Hallucinating with art models

or: How I stopped worrying and learned to love the lithograph of an orchid where each flower has a small skull inside, but only sometimes.
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Wow, long time, no posts! Anyway, about them text-to-art generative models going about, eh? Surprising nobody: I am extremely into them. I’ve been using DALL-E and MidJourney since they came out, and even though tons has been written about them, I wanted to give a slightly different overview: the perspective of someone who isn’t interested that much in their realism skills.

I think that the most compelling place for ML models in an artist’s life is as a tool that specifically enables, and doesn’t replace, creativity. Machine Learning is amazing at doing something very specific, lots of times, really fast. It’s great at telling me if an image is a cat or a dog. It’s also great at generating one hundred half-dog-half-cats, in different positions, so that I can bypass the dozens of hours I would spend sketching out half-dog-half-cats for a painting that’s actually about the nuclear apocalypse.

I’ve seen a lot of examples of which model is best at painting “The otter with the pearl earring”, but I haven’t seen a lot of comparisons of these models in terms of their potential for creativity– likely because “creativity” is not really quantifiable. I wanted to do this for myself, if anything so that I can figure out how to use my money and credits better, but thought that I might as well put it out there in case anyone else was curious.

This post ended up being looooong, so here’s a Table of Contents:

Boring uses of interesting models

I use these new models for a very specific thing, and that is as a brainstorming partner/collaborator. This shouldn’t surprise you: I’ve been going off on using ML for co-creation since the days of working on Magenta, which was the project that forged my views on the topic (shoutout to the smarter-than-me people on the team that let me absorb their well articulated opinions).

I tend to find DALL-E generations like “dogs playing poker” or “Donald Trump but as a cheeseburger” impressive, but kind of boring: yes, the output is funny, but no, I don’t fall asleep thinking about the deep meaning of an orange cheeseburger with a balding head and very small hands. As an artist who is trying to carve a place for myself in the art world (and for these models in my art), I want them to be my co-creators, my partners in crime, but not take over and compromise my style. I want us to brainstorm together, come up with ideas, and then (in most cases), mold this draft into something that I can look at and say “yeah, that looks like something I made”.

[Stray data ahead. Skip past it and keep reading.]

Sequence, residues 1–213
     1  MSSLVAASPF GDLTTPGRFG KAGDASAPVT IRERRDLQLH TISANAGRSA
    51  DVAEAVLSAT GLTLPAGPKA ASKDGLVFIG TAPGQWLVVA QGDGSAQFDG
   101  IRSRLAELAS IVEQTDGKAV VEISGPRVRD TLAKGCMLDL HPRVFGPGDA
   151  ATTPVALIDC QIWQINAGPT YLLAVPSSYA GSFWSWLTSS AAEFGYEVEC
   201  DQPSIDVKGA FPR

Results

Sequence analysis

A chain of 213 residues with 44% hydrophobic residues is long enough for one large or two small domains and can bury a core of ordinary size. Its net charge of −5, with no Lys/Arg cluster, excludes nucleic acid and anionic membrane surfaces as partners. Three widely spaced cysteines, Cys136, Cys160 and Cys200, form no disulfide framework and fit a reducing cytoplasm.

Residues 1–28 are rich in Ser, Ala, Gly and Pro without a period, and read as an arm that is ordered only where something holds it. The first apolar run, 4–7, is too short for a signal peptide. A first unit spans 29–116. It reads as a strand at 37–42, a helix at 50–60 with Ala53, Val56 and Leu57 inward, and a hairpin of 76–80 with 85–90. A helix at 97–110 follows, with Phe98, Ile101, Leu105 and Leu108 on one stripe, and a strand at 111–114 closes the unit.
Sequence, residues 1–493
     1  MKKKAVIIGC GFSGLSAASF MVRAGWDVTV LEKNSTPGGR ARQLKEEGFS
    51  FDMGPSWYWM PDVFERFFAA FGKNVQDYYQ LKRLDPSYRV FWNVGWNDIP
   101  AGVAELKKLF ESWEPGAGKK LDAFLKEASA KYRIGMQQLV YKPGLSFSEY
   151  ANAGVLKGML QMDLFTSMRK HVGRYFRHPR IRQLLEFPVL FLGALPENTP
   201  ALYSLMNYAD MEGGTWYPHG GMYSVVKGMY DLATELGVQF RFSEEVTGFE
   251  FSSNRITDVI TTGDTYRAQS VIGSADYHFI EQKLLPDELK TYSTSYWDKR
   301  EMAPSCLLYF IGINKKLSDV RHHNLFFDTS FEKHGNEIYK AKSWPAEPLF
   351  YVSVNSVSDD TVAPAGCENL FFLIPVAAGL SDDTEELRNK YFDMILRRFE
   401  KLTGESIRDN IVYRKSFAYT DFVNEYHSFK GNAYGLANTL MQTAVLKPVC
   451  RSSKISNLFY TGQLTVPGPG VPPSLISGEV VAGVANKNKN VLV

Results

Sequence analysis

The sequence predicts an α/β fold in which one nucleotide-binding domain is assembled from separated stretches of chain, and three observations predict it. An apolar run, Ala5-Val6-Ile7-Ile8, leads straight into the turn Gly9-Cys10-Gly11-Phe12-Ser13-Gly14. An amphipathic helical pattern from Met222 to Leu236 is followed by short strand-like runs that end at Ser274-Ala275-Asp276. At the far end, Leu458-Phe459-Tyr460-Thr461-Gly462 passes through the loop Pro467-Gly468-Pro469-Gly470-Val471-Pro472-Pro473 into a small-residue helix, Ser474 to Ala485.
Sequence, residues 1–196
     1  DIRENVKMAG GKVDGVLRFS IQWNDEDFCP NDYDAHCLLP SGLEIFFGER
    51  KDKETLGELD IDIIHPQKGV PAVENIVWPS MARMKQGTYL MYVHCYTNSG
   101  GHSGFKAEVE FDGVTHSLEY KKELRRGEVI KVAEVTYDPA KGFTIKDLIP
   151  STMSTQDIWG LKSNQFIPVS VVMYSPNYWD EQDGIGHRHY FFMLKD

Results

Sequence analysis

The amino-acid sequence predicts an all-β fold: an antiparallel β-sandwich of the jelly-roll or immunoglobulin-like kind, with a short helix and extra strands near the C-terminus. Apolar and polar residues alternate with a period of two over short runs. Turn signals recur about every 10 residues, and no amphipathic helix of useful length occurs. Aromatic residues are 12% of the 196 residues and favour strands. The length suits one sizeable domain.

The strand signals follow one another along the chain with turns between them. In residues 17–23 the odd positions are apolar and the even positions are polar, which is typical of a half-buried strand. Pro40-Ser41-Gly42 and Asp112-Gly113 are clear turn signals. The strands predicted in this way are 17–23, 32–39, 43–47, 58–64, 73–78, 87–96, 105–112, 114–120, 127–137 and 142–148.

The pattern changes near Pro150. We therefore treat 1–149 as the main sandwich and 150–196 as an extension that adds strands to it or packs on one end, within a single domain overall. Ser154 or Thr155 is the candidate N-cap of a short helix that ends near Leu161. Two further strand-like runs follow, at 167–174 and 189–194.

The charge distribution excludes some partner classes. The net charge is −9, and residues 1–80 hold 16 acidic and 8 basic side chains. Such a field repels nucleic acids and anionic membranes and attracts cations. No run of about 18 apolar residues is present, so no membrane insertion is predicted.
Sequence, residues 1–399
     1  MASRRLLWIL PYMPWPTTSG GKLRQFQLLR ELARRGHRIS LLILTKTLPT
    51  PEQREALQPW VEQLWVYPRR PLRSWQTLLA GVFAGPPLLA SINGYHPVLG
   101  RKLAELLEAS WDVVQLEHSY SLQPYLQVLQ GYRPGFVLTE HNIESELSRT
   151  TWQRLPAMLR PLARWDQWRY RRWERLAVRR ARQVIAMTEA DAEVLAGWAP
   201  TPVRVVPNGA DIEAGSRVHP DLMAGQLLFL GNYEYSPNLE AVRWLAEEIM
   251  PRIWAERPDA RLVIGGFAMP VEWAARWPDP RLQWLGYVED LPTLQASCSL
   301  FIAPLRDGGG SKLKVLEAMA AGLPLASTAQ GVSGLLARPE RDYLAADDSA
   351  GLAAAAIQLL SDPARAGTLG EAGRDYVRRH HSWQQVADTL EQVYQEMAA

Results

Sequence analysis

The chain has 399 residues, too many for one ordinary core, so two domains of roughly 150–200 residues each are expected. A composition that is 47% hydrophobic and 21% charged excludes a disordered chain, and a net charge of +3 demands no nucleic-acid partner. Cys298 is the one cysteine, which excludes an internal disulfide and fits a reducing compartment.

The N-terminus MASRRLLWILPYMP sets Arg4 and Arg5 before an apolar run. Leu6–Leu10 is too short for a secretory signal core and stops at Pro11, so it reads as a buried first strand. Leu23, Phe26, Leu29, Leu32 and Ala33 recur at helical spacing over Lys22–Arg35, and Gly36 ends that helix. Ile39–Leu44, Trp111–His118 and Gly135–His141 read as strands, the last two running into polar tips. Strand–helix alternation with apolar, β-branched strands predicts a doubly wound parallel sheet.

This is consistent with how I look at the use of music models like the Music Transformer: absolutely impressive compositions, best suited for an elevator. This isn’t the fault of the model, nor its users, and I am truly not shitting on these outputs (unless they’re for NFTs; always here to shit on NFTs 🙃): I think both background music and memes have a value in society, as do procedural TV shows (they’re filming new Criminal Minds!!!), computer generated or not. But personally, as an artist, I feel fairly emotionally detached from them, as I’m pretty sure their authors do.

The exact same models, when used in a thoughtful and creative way lead to absolutely brilliant things; the ones that make you say “fuck, I wish I had thought of that”. Yacht’s album made with hard creative rules and machine learning is a wonderful example, as is Karen X. Cheng’s use of DALL-E to imagine the scene beyond Girl with a Pearl Earring. This is the bit that I care about.

I’ve been trying to post updates about how I personally use these models on my artstagram (often with a commentary about the process), but as a recent craft fair that just rejected me had to say: I’m quite shit at the socials. Have this blog post instead?

The (barely scientific) method


I used the 4 models I have access to:

I tried to get a Googler to help me run the prompts on Imagen, but I got no bites, so I have no idea how it fits into this story.

Cherry-picking outputs

I cherry-picked 4 images for each model as follows:

I tried to be as honest as possible with the results I’m showing, because I don’t have a dog in this race. I just want something useful for me, wherever it comes from. You can zoom over the results to see them slightly bigger.

What I look for

The prompts I used are for stuff I am actively working on, so they’re a bit weird, slightly personal, and in some cases, oddly disturbing. Please don’t steal the prompts or the outputs from me; I can’t stop you (such is life on the internet), but it will break my heart.

I’ll have some more details for each prompt, and how I picked “the most interesting to me”, but the two big rubrics I looked for were:

  1. Did this model interpret the prompt?
  2. Would I use one of the model’s generations “in an art” (this is very wishy-washy and not scientific; trust me, I get that)

Keep in mind that:


I picked 4 prompts, each of which covering a different area I am interested in:

  1. An easy to imagine concept that exists in real life (can it execute?)
  2. An easy to imagine concept that doesn’t exist in real life (can it imagine?)
  3. A hard to imagine concept that doesn’t exist in real life but makes sense linguistically (can it hallucinate a surrealism?)